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The cuisine of the Canary Islands is a fusion of culinary influences from different continents. Over time this has developed in particular because of their location in the Atlantic and proximity to the coast of Africa. The origins of this cuisine go back to the food of the native inhabitants during the pre-Spanish era, which include dishes with typical names such as gofio (a kind of porridge made from roast grains of cereal) and baifo (goat's meat).
After the islands were conquered by the Castilians the cuisine of the Canary Islands was exposed to influences from both sides of the Atlantic, which is why today it features such a breathtaking mix of aromas - resulting not just from these different cultures but also from the climate and natural features of the islands themselves.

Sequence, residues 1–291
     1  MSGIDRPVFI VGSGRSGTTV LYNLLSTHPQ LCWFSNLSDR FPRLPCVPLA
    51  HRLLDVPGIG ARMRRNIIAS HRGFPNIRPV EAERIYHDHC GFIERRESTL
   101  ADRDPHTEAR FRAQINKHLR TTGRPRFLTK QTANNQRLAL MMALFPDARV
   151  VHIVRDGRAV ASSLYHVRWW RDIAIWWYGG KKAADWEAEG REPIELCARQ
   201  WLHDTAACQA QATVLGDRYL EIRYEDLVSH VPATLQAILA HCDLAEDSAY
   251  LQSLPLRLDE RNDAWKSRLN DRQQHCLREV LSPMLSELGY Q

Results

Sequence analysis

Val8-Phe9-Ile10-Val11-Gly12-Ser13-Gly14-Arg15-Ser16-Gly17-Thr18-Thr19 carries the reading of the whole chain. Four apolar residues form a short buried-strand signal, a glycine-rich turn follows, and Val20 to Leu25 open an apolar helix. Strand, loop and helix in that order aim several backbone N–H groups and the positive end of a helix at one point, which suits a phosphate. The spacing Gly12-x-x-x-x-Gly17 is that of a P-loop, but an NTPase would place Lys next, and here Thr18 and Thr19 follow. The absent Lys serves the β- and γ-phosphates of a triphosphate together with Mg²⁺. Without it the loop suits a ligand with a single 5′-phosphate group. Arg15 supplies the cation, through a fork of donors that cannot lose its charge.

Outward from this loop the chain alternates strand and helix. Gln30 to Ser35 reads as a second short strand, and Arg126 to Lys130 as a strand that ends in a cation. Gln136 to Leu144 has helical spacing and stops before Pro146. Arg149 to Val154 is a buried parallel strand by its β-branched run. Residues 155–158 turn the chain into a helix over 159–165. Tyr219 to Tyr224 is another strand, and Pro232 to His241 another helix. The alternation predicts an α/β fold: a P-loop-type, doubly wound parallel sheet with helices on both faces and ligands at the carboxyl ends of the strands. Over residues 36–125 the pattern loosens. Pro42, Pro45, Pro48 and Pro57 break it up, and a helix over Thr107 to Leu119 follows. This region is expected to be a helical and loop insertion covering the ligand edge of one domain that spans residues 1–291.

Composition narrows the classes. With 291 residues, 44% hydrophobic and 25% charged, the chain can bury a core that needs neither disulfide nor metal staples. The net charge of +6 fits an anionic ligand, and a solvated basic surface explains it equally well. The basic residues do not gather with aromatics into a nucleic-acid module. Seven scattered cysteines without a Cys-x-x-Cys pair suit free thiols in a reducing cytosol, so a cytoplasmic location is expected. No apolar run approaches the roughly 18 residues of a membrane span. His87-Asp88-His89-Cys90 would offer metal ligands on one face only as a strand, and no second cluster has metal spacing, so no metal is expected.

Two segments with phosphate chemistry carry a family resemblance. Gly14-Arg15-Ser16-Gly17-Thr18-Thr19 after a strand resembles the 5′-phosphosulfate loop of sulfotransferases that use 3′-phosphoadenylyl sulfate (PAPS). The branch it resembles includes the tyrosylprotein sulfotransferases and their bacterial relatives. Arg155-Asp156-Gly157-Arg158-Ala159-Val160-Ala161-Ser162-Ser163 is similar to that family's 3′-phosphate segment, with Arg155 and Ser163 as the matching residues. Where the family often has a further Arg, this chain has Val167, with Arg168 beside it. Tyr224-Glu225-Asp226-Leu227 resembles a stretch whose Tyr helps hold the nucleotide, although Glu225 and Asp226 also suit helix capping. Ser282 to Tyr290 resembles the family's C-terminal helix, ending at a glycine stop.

As you can see, Canary Islands cuisine has been influenced and accompanied by a fascinating history of great significance. Modern Canaries cuisine is currently in search of a new identity, without forgetting its roots and the outstanding indigenous products of the islands such as cheese, honey, bananas, seafood and fish.
The culinary tradition of the Canary Islands offers uncomplicated dishes which highlight the quality of their ingredients. There are no recipes which are found uniformly in all the Canary Islands – instead every family and region has its own way of preparing dishes.
You can begin your meal with hors d'oeuvres such as the famous 'papas arrugadas' (wrinkled potatoes) with mojo sauces, or slices of roast pork hock. Because of the small portions you can try a large variety of dishes such as gofio, stews, fish and rabbit in a spicy sauce. Your meal is rounded off by tasty desserts such as bienmesabe (almonds, honey, eggs, lemon and cinnamon) or sweet gofio mousse (bananas, gofio and sugar). Our recommendation for a night-cap is a glass of the famous Canary Island rum or a version of it with honey.